The Top Things to Do in Brussels, Belgium
When you think of Belgium the first thing that comes to mind is the food: waffles, beer, chocolate, and fries (fries are Belgian, not French, but more on that later). Brussels, the capital of Belgium, has so much more to offer than the food. The city is a vibrant hub of European culture, with about 30% of the population being foreign nationals, 60% of whom come from other EU countries. In all, there are 184 nationalities represented in Brussels. The result of all these immigrants living in one city is a rich, multi-layered cultural heritage that residents and tourists alike can profit from.
What are the best sights to see on your visit to Brussels? Here are the five best things to do and see on your trip to the world’s second-most cosmopolitan city.
The Grand Place
Registered as a UNESCO World Heritage site, the Grand Place is the beating heart of downtown Brussels. The open, pedestrian square is walled in on four sides by breathtaking facades, all of which are jam-packed with historical significance. On any given day you’ll find the Grand Place filled with people taking photos in all directions, and most Brussels city walking tours depart from here. The city also frequently hosts special events at Grand Place, so keep an eye out for those when you plan your visit.
The EU Institutions
The only institution open for public visits is the EU Parliament. It’s free, and most of the time you don’t need a reservation, but you will have to go through security at the entrance. To fully appreciate the grand hemicycle of the Parliament building, though, requires a visit to the two EU museums nearby. The Parlamentarium, which is also free, gives the political history of the EU and describes its functions today. The House of European History focuses more on the social and cultural history of the peoples of Europe, aiming to draw an image of a common European identity. It’s also free.
Brussels has over 100 museums for tourists to explore! There is a museum for every interest and taste. If you can’t find one you don’t like, then you haven’t looked hard enough. There are modern to classical art, natural history, comic strips, chocolate, beer, fashion, and lace. There’s even a sewer museum! Some of the notable ones include the Museum of Musical Instruments, the Belgian Comic Strip Center, BELvue, Belgian Chocolate Village, the War Heritage Institute, BOZAR, and GardeRobe MannekenPis.
The Manneken Pis
This iconic symbol of the city of Brussels is a statue of a little boy peeing? That’s right! First installed in the 15th century, this fountain statue has endured the epochs of Brussels history and is now integral to Brussels folklore and tradition. Manneken Pis is supposed to represent the joie de vivre and self-deprecating sense of humor of the Brussels people in the face of hard times. If a peeing-boy statue isn’t enough, the city also dresses him up in costumes several times a year for special events or causes. All his outfits are preserved and on display at the museum dedicated exclusively to his wardrobe, the GardeRobe MannekenPis.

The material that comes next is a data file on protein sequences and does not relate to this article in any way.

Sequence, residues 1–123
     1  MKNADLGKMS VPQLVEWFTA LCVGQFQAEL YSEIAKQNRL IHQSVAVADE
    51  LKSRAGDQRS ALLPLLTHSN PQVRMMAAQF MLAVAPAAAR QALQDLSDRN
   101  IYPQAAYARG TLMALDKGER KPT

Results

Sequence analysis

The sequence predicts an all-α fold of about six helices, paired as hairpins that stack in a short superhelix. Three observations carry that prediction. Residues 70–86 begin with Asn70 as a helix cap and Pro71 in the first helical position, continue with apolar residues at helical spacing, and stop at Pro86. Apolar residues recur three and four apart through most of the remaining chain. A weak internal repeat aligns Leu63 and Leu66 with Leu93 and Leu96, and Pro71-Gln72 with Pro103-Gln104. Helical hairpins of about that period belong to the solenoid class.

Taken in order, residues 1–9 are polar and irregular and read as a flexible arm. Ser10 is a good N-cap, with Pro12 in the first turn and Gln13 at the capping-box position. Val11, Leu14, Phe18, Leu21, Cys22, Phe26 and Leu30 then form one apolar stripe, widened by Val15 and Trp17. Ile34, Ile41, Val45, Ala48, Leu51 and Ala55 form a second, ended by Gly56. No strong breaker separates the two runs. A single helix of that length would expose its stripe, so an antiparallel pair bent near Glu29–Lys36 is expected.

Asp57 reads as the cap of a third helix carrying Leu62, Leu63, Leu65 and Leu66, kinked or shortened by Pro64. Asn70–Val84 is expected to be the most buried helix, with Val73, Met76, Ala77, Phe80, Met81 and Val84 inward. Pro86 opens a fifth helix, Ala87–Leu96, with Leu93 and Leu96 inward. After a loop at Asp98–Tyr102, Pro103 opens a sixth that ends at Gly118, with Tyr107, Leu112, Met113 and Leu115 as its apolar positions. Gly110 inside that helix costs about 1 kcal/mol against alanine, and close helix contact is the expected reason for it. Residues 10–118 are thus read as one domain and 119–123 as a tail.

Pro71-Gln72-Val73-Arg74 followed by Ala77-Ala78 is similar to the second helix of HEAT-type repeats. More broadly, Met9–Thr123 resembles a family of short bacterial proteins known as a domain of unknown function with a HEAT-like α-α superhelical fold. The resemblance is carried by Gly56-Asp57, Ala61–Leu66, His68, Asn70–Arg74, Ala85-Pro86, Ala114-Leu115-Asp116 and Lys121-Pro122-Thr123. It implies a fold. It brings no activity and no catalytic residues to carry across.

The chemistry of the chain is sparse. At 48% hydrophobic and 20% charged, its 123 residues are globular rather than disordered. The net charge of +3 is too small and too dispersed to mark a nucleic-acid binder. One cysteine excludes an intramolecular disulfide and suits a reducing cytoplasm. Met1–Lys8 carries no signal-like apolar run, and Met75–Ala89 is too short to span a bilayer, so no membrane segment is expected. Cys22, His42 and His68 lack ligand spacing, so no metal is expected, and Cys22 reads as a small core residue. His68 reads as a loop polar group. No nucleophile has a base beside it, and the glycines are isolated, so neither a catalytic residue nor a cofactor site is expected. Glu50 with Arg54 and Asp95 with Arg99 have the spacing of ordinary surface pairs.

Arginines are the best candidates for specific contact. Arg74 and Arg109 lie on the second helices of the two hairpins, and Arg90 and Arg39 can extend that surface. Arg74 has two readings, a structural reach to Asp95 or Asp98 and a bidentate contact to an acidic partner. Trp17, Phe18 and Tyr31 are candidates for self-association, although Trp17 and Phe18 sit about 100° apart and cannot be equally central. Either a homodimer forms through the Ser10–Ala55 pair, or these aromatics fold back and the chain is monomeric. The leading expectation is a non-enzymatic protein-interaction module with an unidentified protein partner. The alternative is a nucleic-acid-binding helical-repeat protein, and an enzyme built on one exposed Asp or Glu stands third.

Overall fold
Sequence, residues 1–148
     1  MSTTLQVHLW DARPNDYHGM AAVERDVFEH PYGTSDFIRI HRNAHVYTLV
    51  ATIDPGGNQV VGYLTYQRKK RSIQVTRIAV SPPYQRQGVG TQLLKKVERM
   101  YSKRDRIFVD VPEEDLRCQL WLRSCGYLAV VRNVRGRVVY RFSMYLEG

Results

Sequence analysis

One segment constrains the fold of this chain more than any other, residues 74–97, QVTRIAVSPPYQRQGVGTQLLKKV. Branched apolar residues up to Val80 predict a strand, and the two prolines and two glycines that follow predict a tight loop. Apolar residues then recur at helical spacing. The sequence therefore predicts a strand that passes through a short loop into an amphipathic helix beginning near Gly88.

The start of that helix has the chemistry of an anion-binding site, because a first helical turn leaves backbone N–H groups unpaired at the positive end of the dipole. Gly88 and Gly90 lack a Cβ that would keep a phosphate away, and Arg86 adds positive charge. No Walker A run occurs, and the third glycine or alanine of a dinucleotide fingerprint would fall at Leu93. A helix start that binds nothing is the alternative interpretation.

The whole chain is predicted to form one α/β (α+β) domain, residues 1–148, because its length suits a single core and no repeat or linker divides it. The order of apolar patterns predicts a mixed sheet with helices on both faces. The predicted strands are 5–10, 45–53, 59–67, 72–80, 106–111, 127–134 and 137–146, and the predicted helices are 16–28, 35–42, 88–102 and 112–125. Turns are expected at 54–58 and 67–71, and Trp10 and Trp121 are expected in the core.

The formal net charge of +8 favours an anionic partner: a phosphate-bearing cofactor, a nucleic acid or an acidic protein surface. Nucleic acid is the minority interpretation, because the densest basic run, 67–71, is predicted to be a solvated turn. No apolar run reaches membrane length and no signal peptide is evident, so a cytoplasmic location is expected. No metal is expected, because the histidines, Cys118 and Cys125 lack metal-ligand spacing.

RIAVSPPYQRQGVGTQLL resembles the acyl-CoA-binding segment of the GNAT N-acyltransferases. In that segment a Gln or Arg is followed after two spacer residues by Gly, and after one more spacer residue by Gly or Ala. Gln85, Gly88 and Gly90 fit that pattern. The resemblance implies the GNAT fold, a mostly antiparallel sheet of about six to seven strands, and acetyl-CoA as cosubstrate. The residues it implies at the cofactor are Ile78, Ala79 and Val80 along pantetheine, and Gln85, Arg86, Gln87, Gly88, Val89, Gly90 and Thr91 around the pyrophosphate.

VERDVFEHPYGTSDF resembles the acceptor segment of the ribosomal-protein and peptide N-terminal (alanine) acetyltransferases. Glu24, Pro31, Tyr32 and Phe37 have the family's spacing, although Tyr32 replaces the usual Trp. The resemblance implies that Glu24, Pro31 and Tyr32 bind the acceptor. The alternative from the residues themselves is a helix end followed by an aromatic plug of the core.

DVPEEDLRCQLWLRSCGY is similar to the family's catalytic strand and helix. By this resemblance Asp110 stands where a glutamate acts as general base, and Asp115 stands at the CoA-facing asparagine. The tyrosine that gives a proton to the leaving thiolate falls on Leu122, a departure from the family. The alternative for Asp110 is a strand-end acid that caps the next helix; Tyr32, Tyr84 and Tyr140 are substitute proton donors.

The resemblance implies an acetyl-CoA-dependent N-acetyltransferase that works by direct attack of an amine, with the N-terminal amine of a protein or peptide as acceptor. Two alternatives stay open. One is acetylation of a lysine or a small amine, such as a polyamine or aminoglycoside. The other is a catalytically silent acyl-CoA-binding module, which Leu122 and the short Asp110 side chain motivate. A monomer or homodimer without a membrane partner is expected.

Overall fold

And finally, the food. A trip to Brussels would be wasted without sampling the fare it’s known for. The best way to eat a waffle is while you’re out and about in Brussels, and the most delicious ones are bought from the trucks parked all over the city. You can usually spot these trucks in most high-traffic areas.
There is disagreement over where to find the best fries. It all depends on your preferences, but everyone in Brussels will agree that fries are not French, they are Belgian. Wherever you end up sampling your frites as a side dish at a classic Belgian eatery or at a street-side friterie, take extra caution not to order “French” fries or you might not end up having any fries at all!
You’ll find boutique chocolate shops all over Brussels, with the highest concentration in the city center. There are bigger, more established names along with smaller, independent chocolatiers, all at varying price points. On the cheaper side, you have Leonidas, for mid-range there’s Neuhaus, and among the priciest are Mary and Pierre Marcolini.
As for the famous Belgian beer, the best way to taste it is to stop in and order some at a local bar or brasserie. When it comes to brewing, Belgians are unafraid to try new things, but they also respect tradition. You’ll have an eclectic mix of classic standbys and quirkier craft beers, all of which are interesting. To drink as the locals do, try Delirium Tremens, Chimay Bleue, St. Feuillien Blonde, or Westmalle Trappist.
Brussels has a lot to offer, especially if you’re looking for an authentic experience. After only a few days spent in the city, tourists can see what daily life is like for the residents, and why they love it so much!